According to new research funded by the British Heart Foundation, a new blood test could diagnose people with inherited heart conditions. The research, which was recently published in the Journal of Cardiovascular Transitional Research, shows that it is possible to reliably detect underlying problems by looking at a specific group of genes.
Inherited heart conditions affect more than 500,000 people in the UK and are often the cause of unexplained sudden deaths. For many, the first sign of such a condition is when a family member dies suddenly with no explanation. This can be devastating for relatives faced with the possibility that they or other family members may have inherited the faulty gene.
Genetic testing on family members can identify those who carry the faulty gene and appropriate measures such as surgery, medication or simply lifestyle changes can be taken to reduce the risk of sudden death.
Diagnosing the faulty gene is key to effective treatment but existing genetic tests can only look at a small number of genes and identify specific conditions. As it is a time-consuming and costly process to reach a diagnosis, these tests have not been rolled out across the NHS. However, the new test, which will look at 174 genes related to 17 inherited heart defects, is cheaper and more effective.
Dr James Ware, one of the lead researchers of the study at Imperial College London and the MRC Clinical Sciences Centre told The Guardian: “It’s really hard to overstate the importance of genetic testing when you’re managing a family with an inherited heart condition.” He explained that mothers or fathers who have lost their partner to an inherited heart condition understandably worry that their children may be next. Although there is no way to prove the child did not have the condition, Dr Wares advised that, with a genetic test, it is easy to say ‘you’re a risk' or ‘you’re absolutely clear'.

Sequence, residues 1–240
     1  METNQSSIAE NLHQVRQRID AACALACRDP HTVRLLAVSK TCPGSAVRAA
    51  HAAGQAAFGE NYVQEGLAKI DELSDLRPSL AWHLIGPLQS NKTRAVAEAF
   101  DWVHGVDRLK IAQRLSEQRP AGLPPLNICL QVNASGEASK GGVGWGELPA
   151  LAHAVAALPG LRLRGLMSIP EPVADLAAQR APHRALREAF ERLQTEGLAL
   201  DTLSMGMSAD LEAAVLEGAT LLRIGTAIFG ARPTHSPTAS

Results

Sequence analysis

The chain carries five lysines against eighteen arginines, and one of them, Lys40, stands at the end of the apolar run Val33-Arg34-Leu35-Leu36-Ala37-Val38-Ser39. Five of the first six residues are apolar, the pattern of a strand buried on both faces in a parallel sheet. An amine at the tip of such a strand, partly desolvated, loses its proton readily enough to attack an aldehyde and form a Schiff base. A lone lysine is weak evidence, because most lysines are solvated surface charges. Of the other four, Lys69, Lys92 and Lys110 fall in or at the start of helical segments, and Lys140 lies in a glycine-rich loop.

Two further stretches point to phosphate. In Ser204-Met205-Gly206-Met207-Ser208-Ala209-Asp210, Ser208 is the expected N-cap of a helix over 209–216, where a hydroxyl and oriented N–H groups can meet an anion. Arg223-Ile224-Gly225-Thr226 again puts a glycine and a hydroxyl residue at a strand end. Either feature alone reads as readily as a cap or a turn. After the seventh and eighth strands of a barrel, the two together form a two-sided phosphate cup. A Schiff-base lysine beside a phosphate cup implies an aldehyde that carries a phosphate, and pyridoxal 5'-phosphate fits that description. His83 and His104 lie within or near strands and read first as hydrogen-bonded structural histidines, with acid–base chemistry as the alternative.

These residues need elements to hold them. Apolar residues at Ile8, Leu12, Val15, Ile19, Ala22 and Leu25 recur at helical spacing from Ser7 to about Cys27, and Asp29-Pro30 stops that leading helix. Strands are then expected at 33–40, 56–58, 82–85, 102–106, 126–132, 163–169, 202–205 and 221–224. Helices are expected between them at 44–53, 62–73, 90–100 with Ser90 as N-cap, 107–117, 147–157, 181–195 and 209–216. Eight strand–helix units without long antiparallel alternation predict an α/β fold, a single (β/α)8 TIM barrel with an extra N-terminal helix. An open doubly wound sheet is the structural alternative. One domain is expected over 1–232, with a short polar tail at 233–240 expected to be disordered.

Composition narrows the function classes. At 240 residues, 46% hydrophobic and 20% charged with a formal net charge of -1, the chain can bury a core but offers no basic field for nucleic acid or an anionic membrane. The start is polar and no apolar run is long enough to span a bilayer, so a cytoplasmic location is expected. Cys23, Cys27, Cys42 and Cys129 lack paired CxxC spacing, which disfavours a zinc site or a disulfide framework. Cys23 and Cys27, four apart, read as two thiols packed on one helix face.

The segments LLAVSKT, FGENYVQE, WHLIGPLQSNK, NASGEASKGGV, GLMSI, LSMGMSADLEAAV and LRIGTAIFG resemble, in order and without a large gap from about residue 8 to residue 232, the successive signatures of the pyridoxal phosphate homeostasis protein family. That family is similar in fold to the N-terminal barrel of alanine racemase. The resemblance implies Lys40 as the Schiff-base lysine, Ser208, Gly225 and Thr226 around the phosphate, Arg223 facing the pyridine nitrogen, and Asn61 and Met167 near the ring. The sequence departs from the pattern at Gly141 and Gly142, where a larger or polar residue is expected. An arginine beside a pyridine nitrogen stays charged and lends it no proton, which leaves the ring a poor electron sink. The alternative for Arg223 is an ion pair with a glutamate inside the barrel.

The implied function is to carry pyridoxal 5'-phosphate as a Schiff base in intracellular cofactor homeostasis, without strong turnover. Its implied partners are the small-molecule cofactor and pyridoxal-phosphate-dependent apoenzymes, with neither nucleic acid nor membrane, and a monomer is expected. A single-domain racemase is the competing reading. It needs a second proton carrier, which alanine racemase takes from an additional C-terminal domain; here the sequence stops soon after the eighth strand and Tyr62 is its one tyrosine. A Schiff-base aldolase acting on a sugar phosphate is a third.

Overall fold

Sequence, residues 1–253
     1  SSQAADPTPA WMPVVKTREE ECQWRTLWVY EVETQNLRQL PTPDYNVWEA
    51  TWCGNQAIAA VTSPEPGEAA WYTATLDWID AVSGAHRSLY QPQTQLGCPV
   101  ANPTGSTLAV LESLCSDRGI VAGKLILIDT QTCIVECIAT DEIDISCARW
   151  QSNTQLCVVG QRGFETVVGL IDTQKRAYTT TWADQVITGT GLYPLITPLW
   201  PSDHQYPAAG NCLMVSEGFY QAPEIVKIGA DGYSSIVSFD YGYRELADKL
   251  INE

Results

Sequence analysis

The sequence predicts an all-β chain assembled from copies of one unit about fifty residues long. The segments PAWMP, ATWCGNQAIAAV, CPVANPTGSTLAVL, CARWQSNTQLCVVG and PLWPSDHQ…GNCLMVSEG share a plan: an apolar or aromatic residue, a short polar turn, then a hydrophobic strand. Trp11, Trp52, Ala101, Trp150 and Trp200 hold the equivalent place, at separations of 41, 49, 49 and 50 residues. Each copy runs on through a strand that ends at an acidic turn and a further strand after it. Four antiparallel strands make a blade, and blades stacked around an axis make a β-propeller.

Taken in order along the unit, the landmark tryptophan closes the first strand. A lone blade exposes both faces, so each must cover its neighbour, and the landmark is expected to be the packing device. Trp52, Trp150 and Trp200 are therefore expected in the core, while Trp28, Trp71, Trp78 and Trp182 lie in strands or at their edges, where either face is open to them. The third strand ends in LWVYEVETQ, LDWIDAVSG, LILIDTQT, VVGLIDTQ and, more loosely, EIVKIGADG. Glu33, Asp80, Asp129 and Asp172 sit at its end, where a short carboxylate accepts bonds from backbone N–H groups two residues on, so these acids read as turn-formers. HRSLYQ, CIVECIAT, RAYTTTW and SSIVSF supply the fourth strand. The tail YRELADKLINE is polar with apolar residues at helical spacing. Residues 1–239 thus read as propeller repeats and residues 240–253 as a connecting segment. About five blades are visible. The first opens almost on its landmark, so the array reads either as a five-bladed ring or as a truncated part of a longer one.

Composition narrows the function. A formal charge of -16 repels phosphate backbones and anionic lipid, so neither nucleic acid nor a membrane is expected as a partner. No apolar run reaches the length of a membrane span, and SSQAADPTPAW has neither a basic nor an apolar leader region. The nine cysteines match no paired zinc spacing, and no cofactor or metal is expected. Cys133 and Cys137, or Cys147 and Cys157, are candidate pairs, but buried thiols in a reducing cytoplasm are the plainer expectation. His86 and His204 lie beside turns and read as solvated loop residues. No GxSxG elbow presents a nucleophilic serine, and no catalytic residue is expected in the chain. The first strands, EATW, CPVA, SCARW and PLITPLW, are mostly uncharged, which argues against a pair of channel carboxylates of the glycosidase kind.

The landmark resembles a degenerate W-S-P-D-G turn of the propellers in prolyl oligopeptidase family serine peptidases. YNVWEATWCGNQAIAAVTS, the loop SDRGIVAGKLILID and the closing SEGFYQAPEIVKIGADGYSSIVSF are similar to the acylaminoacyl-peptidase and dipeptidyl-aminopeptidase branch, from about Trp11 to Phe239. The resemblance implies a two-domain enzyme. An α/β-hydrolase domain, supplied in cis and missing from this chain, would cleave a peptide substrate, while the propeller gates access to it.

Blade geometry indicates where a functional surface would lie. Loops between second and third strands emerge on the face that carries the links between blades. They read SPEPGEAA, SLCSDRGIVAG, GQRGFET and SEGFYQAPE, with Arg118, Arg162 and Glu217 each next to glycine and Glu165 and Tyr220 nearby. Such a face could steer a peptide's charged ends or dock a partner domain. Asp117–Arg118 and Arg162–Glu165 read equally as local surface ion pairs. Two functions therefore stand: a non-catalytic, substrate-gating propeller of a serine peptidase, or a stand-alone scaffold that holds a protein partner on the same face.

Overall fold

In addition to the test being cheaper and more effective, Dr Ware also advised that it has the benefit of being ‘off the shelf’ which means that other experts can develop it. Therefore, when other genes are identified as being linked to inherited heart conditions, these can be incorporated into the test.
The test has already been rolled out at the Royal Brompton and Harefield NHS Foundation Trust, with about 40 patients a month being assessed for an inherited heart condition.
Miles Frost, aged 31, died from a congenital heart condition, which is thought to have been inherited from his father, David Frost. His family is aiming to raise £1.5 million in his memory to help make the genetic testing available to family members affected by inherited heart conditions available throughout the UK.
Camilla Wonnacott, an associate in the Penningtons Manches clinical negligence team, said: “The development of more efficient and reliable diagnostic tests will hopefully help families to discover if they have a causative gene mutation and enable them to seek the appropriate treatment before it is too late.”